While the full scope of the tax credit is hard to determine, the individual companies proposing carbon pipelines could see billions of dollars in annual tax benefits.

Summit Carbon Solutions, which has proposed a pipeline network that would connect 34 ethanol plants across Iowa, Minnesota, Nebraska, South Dakota and North Dakota and deposit carbon dioxide in underground storage in North Dakota, says the project could permanently store 18 million tons of carbon dioxide annually.

At $85 per ton, that would equal $1.5 billion per year from the sequestration tax credit.

Navigator CO2 Ventures, another company seeking permits to build pipelines across Iowa, estimates it could transport and store up to 15 million tons of carbon dioxide per year, which would earn tax credits of $1.3 billion.

Transparency Issues

In theory, climate scientists say incentivizing carbon capture is good policy. It’s one of several climate solutions that major economies like the United States must use in combination to reach international climate goals.

“To meet all of our global climate goals we need to both rapidly scale up renewable energy, but then we also have to deal with the legacy carbon that’s in the atmosphere,” said Daniel Sanchez, a professor studying bioenergy at the University of California-Berkeley. “We need all of these tools at our disposal in order to effectively decarbonize the transportation sector.”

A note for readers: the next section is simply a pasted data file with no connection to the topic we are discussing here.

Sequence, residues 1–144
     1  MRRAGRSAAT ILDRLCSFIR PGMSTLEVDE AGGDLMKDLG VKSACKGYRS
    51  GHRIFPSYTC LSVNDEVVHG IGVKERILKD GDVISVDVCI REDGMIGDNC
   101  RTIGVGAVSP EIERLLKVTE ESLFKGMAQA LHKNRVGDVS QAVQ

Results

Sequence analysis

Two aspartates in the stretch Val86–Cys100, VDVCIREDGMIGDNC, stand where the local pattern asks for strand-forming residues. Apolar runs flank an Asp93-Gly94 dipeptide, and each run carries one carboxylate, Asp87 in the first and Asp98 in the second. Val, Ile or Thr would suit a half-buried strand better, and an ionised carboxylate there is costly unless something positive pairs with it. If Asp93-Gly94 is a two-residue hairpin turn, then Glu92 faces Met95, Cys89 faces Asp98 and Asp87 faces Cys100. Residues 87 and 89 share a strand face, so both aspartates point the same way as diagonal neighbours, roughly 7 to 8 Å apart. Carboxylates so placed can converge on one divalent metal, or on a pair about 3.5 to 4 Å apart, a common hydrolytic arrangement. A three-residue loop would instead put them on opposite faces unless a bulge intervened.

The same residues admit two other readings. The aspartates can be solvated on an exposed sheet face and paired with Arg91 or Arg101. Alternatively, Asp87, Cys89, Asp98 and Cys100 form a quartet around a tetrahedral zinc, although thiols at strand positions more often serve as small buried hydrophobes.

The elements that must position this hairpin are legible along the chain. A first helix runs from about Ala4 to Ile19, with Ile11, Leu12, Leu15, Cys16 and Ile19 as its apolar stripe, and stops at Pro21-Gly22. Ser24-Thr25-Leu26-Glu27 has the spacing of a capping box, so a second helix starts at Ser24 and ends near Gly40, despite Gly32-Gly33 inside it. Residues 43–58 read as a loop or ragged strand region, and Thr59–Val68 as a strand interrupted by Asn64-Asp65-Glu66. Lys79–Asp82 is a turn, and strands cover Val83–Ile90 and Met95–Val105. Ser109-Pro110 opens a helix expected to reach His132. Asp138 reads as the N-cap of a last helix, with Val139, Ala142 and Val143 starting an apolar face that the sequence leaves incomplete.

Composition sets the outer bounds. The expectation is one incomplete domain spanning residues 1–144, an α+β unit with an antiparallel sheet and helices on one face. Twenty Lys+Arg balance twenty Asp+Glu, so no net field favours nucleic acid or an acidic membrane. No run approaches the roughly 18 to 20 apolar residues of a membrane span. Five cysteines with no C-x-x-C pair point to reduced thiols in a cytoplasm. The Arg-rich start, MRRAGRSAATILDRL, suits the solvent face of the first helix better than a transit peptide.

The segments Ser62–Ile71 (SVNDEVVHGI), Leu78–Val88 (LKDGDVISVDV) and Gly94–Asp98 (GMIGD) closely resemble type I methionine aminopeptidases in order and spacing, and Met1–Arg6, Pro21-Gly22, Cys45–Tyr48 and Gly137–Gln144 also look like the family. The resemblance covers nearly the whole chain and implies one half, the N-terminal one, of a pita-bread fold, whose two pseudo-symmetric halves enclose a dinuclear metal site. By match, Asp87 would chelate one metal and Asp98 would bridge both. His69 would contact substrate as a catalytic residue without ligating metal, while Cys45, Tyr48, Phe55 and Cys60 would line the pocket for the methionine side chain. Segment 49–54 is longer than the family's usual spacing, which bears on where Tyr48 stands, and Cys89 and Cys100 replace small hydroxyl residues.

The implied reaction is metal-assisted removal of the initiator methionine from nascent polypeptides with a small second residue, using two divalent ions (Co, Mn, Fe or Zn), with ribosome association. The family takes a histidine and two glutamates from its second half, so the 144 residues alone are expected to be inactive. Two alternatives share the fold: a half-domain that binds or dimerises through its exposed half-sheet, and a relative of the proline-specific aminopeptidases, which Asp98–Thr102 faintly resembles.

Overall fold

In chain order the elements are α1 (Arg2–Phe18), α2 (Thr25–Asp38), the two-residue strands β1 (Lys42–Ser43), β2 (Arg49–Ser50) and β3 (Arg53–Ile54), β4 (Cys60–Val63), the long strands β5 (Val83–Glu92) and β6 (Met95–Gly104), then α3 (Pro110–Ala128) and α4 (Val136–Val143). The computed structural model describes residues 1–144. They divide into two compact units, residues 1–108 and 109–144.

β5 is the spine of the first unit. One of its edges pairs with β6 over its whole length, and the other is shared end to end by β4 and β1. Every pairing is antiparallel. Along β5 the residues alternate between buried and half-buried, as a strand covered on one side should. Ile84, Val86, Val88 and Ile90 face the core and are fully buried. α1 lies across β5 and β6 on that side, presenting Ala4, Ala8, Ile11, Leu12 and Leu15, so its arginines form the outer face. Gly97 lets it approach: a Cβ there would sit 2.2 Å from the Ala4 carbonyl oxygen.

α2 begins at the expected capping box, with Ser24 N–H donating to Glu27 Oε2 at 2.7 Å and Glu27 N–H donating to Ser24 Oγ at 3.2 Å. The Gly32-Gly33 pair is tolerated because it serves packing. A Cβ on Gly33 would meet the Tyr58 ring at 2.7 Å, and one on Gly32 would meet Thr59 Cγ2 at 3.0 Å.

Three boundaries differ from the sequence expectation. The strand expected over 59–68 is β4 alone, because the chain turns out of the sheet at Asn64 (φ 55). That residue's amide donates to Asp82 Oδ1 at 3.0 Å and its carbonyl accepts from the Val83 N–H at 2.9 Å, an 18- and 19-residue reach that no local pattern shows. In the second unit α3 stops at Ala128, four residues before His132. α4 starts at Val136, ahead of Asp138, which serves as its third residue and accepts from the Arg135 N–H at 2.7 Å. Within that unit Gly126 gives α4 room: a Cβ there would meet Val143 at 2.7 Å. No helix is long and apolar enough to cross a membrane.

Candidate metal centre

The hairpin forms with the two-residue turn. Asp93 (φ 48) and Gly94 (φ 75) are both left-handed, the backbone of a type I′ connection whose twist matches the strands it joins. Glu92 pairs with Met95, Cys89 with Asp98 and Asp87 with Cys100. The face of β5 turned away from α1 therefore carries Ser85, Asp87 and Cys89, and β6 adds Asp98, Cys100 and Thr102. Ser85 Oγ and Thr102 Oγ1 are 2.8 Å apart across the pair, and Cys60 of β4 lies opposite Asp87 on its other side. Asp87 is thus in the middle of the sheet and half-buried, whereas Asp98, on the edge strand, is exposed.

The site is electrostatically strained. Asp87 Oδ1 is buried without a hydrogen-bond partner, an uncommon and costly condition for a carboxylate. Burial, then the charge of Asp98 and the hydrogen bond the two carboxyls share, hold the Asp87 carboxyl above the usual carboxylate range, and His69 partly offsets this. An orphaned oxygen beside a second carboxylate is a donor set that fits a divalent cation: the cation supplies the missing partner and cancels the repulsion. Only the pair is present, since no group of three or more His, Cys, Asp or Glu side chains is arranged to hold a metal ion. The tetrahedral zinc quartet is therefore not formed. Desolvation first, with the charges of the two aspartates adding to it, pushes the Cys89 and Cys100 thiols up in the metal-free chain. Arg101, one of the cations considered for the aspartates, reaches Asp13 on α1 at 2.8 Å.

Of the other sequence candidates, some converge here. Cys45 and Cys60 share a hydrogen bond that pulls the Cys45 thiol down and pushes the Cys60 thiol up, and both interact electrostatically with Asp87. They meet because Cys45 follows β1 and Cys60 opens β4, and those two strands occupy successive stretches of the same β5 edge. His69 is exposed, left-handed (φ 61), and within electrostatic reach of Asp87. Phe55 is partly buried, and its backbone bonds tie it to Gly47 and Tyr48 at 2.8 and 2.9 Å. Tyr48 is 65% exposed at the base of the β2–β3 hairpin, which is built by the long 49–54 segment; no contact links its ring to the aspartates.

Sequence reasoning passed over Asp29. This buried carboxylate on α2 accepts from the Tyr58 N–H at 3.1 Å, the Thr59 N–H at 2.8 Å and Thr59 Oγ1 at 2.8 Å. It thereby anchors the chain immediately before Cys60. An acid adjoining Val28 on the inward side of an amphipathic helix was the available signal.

But critics say it’s hard to tell in practice exactly how much taxpayer money has been spent on carbon sequestration credits — or if the credits are going to facilities that are successfully removing carbon.

Companies must meet U.S. Environmental Protection Agency standards for underground carbon storage to qualify for the credit. But the agency and the Internal Revenue Service both lack the staffing to verify companies claiming the credits are earning them, said Jim Walsh, the policy director for the advocacy group Food and Water Watch, which opposes tax credits for carbon capture.

“These tax credits are shrouded in secrecy and ripe for corruption, with no ability for oversight by the public,” he said.

Carbon capture itself is not an effective strategy to address climate change, Walsh said. Pipelines and storage wells can leak carbon, but even without those problems, sequestration is a half-measure, he added.

“The only way that we’re going to address the climate crisis is to stop fossil fuel development and phase out fossil fuels quickly,” he said.

Carbon storage and other technologies that boost fossil fuel use are counter-productive, he said.

“That leaves us with a lot of solutions that are going to waste money while enriching powerful interests and undermining our ability to address the climate crisis in a meaningful way.”

Most climate scientists, though, say that carbon sequestration is part of a long-term solution.

The United Nations’ Intergovernmental Panel on Climate Change most recent report projected that reaching mid-century climate goals will require 6 gigatons of carbon dioxide sequestration.

Federal spending on carbon storage recognizes that the U.S. economy is largely fossil-fuel based, Mackler said.

“From a climate perspective, fossil fuels are not the problem,” he said. “The problem is emissions from fossil fuels. And so if we can develop a pathway for continuing to use at some scale, especially with the oil and the natural gas that we take advantage of to power our economy, if we can use them in a way that does not damage the climate, that’s fantastic.”

Jacob Fischler covers federal policy as a senior reporter for States Newsroom. Kansas Reflector, where this story first appeared, is part of States Newsroom, a network of news bureaus supported by grants and a coalition of donors as a 501c(3) public charity.